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New methods for controlling cerebral aneurysms with Reynolds Number and Shear stress: Literary review

Dr.  Allal Assia,  Mechanical Engineering Departement, National Polytechnic School Maurice Audin , Oran,  Algeria

Dr. Habchi Nawel , National hospital for Neurology and Neurosurgery (NHNN) and University of Victoria London, United Kingdom


An aneurysm is a pathology where a blood vessel dilates abnormally due to a weakness in the vessel's wall. Brain aneurysms result in swelling in the form of a sac, usually in the most fragile arteries. Ruptured brain aneurysms are the most common cause of subarachnoid hemorrhage, a stroke less common than ischemic strokes. This study aims to study the Reynolds number and shear stress for blood flow, as fluid flow is characterized by these parameters. The Reynolds number can identify the region where the flow is laminar, transient, or turbulent, while the shear stress measures the force exerted at the artery wall level.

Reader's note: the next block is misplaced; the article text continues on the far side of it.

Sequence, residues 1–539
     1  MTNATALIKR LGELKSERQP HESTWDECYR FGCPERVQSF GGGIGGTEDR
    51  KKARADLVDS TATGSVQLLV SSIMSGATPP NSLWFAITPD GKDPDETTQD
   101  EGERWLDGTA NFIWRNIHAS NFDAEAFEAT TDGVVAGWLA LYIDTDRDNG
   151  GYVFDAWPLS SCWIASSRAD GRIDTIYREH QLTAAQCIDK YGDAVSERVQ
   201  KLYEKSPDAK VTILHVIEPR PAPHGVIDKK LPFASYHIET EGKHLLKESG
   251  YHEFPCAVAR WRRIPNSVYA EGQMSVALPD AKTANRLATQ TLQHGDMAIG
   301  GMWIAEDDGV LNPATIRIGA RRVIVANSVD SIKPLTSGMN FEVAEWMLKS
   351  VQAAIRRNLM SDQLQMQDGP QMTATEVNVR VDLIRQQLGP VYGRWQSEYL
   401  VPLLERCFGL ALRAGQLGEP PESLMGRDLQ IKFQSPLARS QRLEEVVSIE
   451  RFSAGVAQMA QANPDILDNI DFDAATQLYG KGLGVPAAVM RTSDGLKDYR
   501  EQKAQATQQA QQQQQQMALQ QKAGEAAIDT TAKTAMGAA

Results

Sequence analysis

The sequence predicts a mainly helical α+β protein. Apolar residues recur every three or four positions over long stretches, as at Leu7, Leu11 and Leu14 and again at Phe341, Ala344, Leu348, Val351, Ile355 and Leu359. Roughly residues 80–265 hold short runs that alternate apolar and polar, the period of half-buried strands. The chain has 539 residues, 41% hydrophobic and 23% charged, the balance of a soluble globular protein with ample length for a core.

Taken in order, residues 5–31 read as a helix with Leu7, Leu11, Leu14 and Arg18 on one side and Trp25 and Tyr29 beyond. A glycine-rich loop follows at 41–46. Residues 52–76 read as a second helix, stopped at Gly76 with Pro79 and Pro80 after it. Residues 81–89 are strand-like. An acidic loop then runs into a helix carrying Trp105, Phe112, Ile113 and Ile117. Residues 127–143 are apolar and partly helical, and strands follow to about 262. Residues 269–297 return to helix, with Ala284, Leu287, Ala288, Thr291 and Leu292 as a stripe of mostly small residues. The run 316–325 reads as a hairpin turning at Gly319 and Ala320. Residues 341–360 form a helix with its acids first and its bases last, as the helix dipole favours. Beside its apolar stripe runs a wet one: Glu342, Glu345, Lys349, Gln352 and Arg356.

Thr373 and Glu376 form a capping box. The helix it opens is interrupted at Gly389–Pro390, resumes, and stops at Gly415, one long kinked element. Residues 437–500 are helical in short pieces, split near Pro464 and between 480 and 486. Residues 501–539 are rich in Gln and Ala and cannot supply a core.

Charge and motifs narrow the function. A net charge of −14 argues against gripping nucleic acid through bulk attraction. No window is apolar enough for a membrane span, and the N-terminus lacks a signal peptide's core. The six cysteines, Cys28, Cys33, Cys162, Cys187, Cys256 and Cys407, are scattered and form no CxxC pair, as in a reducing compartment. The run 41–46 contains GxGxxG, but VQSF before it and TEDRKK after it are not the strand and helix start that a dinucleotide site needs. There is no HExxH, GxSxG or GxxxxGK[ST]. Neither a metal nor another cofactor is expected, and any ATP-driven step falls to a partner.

Blood flow is classified into laminar flow and turbulent flow based on the Reynolds number value. Laminar flow admits symmetrical and parallel current lines, while turbulent flow is characterized by spatiotemporal fluctuations of current lines leading to vortic-like phenomena. The results indicate that blood flow is transient before and after an aneurysm and becomes turbulent inside the aneurysm. Shear stresses are equal to the pressure, which varies little compared to the patient's pressure but increases as blood pressure increases.

Keywords: Brain aneurysm, Reynolds number, Shear stress

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